Russia Threatens to Block Wikipedia for Stating Facts About Its War Casualties, Editors Say

Russia's censorship office claims that an article listing of Russian military casualties as well as Ukrainian civilians and children is false.
A screen showing ​Wikipedia in Russian. Getty Images
Wikipedia in Russian. Getty Images

Russia’s censorship office is threatening to block all of Wikipedia in the country if the website doesn’t delete information about Russian soldier casualties and military violence against civilians.

Wikipedia’s Russia site editors received a memo from the company’s federal censorship arm on Tuesday, claiming that the article Russian invasion of Ukraine (2022) contains false information —the notice says that the Prosecutor General’s Office of the Russian Federation is informing the website operators that the article in question is in violation of federal law. It specifically cites as false the article’s listing of Russian military casualties, as well as Ukrainian civilians and children—and demands the site operators to delete that information.


As spotted by Bellingcat researcher Aric Toler, Russian Wikipedia editors received the warning from The Federal Service for Supervision of Communications, Information Technology and Mass Media, also known as Roskomnadzor, along with a threat that if they don’t comply, the entire site will be blocked: 

Motherboard independently confirmed that this is accurate with a Russian Wikipedia editor.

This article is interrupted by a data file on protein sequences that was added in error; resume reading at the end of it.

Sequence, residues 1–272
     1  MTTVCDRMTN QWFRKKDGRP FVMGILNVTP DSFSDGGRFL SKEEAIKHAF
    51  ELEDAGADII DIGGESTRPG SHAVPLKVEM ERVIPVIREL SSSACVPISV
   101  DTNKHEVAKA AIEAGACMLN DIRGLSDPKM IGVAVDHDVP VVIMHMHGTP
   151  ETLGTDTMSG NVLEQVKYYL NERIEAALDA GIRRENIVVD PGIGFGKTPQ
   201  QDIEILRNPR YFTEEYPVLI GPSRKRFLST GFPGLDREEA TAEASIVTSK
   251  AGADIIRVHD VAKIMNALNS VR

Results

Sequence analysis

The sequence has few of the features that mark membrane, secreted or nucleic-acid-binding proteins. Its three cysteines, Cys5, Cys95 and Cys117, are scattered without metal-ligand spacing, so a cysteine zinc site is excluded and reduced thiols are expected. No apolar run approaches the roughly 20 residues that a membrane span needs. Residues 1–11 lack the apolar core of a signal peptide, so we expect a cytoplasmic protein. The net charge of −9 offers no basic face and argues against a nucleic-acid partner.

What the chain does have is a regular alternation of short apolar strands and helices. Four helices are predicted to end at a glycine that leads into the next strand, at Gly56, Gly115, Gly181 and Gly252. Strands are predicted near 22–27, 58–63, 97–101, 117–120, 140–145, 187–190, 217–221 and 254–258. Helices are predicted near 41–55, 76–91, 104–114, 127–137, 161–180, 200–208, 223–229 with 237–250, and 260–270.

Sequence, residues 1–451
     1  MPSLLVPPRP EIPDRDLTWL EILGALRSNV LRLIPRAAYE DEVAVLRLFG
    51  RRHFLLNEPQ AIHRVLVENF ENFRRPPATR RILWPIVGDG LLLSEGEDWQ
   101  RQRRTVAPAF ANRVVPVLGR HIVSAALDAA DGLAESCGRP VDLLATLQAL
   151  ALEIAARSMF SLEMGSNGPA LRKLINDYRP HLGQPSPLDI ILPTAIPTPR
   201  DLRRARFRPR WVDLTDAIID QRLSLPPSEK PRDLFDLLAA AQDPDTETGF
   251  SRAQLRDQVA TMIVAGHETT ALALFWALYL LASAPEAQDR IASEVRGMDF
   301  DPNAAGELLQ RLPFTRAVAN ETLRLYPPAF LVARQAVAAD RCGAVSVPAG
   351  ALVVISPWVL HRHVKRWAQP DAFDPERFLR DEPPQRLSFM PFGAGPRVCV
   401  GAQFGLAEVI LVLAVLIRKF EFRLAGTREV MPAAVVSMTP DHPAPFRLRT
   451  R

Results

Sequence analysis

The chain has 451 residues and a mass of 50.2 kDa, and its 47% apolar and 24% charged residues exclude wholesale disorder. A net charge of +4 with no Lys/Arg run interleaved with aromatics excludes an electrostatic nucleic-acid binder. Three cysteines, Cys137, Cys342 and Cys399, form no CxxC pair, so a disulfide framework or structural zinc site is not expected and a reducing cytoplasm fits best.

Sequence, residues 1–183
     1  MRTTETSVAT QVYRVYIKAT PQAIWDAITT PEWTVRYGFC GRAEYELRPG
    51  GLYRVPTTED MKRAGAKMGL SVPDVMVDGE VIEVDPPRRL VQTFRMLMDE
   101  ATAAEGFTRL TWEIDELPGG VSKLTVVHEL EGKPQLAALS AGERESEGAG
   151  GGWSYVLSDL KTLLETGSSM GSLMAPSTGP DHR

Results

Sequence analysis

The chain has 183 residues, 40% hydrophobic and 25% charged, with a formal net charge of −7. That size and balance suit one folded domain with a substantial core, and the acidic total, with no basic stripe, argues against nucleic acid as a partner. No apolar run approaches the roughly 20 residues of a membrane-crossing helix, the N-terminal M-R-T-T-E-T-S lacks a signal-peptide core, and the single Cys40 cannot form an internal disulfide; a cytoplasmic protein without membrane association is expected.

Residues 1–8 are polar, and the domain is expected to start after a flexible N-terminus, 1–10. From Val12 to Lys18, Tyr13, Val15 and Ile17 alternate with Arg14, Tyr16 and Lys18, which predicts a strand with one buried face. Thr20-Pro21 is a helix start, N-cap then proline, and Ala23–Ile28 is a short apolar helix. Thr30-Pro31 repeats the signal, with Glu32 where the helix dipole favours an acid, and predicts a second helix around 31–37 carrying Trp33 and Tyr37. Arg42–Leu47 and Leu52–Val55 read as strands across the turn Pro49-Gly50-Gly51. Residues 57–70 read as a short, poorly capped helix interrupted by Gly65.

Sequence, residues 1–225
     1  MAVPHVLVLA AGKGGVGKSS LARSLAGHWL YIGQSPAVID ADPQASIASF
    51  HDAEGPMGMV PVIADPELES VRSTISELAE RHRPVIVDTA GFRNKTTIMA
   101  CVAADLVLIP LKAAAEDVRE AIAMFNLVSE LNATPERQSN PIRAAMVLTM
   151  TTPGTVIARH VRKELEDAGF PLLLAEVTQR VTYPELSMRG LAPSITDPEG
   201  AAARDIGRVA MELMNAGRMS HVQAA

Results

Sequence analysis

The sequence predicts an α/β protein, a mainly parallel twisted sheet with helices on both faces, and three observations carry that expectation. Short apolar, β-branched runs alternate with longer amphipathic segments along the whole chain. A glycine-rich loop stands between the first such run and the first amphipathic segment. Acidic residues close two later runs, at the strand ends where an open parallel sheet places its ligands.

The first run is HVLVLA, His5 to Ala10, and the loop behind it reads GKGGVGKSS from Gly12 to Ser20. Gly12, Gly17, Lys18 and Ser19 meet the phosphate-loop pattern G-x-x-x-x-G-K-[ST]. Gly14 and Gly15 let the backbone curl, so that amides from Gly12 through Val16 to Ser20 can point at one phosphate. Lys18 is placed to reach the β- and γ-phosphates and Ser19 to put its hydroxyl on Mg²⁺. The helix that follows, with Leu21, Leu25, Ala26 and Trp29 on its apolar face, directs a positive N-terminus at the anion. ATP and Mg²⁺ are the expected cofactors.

As of writing, the “Russian invasion of Ukraine (2022)” article cites both Russian and Ukrainian government numbers of casualties, which vary wildly. Ukraine is claiming that 352 civilians have been killed and 1,684 wounded, and more than 110 Ukrainian soldiers have been killed; Russia claims that 200 Ukrainian soldiers have been killed and two Russian soldiers. Ukraine claims that there have been 5,710 Russian military casualties and 200 captured. 

The Wikipedia editor I spoke with said this isn’t their first threat from Roskomnadzor; they’ve already received a few dozen over the years. These are documented on Wikipedia publicly. They said that in response to this threat, editors will probably try adding more sources to the article, but otherwise, likely won’t respond.  

On Tuesday, the Wikimedia Foundation published a statement of support for free access to information during this crisis, writing that it is “actively working with affected communities to identify potential threats to information on Wikimedia projects, and supporting volunteer editors and administrators who serve as a first line of defense against manipulation of facts and knowledge.”